Rejoining the Civilized World
December 14, 2007
This part of the country is about to become a little more civilized. New Jersey is on track to become the first state to outlaw the death penalty since the current framework for capital punishment was established by the Supreme Court in 1976:
Several state legislatures have tried to overturn their death penalties since 1976, when the United States Supreme Court set the framework for the current system of capital punishment. And while executions have come to a halt by other means — through a moratorium, for example, issued by the governor of Illinois, and a court ruling declaring New York’s penalty unconstitutional — no state legislature has ever flatly outlawed the death penalty.
Once the governor signs the bill, the New Jersey Department of Corrections will begin deciding what to do with the eight men on death row in the New Jersey State Prison here. Under the bill, inmates sentenced to death have 60 days to petition their sentencing courts to commute their sentences to life in prison with no possibility of parole. They also must agree to forego their rights to any further appeals.
If they do not petition the court, their death sentences remain in place. But since the state’s capital punishment statute will be repealed, their sentences will be effectively equivalent to life in prison without the possibility of parole.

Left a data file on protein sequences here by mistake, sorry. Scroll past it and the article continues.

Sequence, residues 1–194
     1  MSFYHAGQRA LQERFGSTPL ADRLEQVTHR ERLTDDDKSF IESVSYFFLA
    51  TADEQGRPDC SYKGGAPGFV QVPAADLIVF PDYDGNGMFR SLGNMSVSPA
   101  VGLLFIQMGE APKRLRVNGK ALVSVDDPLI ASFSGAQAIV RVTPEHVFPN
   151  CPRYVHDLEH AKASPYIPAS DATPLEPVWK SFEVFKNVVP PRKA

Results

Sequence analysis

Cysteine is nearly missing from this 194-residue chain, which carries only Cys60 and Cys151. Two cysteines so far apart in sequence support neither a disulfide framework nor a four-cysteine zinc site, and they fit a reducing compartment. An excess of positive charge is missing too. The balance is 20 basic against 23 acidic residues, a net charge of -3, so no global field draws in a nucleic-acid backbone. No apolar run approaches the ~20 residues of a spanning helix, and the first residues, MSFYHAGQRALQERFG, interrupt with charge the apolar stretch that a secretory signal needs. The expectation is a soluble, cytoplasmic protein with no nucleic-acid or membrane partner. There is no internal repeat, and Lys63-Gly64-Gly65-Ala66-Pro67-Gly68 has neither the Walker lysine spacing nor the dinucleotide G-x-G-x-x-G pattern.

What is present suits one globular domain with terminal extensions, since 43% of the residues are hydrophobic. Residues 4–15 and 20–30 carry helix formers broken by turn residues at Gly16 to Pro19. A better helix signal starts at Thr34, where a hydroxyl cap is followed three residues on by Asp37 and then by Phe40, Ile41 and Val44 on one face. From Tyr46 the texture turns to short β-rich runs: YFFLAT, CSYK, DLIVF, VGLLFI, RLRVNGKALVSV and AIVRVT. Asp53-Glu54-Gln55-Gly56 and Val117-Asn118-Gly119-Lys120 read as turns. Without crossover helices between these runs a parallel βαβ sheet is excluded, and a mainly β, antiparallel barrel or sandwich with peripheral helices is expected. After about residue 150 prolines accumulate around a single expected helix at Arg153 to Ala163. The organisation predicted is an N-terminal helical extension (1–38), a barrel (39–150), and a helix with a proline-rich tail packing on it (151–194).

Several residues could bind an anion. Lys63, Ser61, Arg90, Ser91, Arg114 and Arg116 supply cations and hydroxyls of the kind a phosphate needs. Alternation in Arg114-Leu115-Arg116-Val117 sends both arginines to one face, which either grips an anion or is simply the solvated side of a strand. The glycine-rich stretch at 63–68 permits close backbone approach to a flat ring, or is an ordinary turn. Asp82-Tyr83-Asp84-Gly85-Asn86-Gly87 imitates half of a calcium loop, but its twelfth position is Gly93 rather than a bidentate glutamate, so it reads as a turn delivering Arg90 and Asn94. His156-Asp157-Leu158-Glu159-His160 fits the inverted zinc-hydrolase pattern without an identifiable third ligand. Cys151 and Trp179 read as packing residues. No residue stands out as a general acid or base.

The vote didn’t break completely along party lines: a handful of Republicans supported the move, and several Democrats voted against it. That some Republicans wish the rejoin the civilized world is encouraging and laudable, but it doesn’t change the fact that the death penalty is a signature issue for the GOP — one of the cheap cuts of wormy red meat it regularly feeds to its base. Consistent with that stance, a couple of Republican assemblymen seemed to take the line that New Jersey needs to retool its court system into a Texas-style death-sentence factory:
Assemblyman Kevin J. O’Toole (R-Passaic) said there have been 228 capital punishment trials in New Jersey since 1982. Sixty of the defendants were sentenced to death, O’Toole said, but 52 of them had the penalty overturned by the courts.
“You say do away with it. I say fix it,” O’Toole said. “That’s our job.”
Assemblyman James W. Holzapfel (R-Ocean), who spent six years as Ocean County prosecutor, argued that a law calling for life without parole offers no guarantee that the courts will not decide to parole a killer after 30 or 40 years in prison.
“We sit in a state with 8.1 million people and eight people sit on death row. Why? The courts have not enforced the law,” he said.
Abolishing the death penalty is the best way to fix it. I used to support capital punishment. But after seeing decades of research — along with some personal insights derived from watching a few murder trials up close — I had to conclude that the evidence is clear. The death penalty is not a deterrent to murder. It is applied unfairly and, with disturbing frequency, unjustly. Its continued use in other states is a stain on American society.
As further evidence of the Republican capacity for fantasy-based policymaking, Assemblyman Michael Carroll (R-Wingnuttia) cited The Lord of the Rings as part of his argument for keeping the death penalty. Ah yes, the intellectual rigor of death-penalty proponents.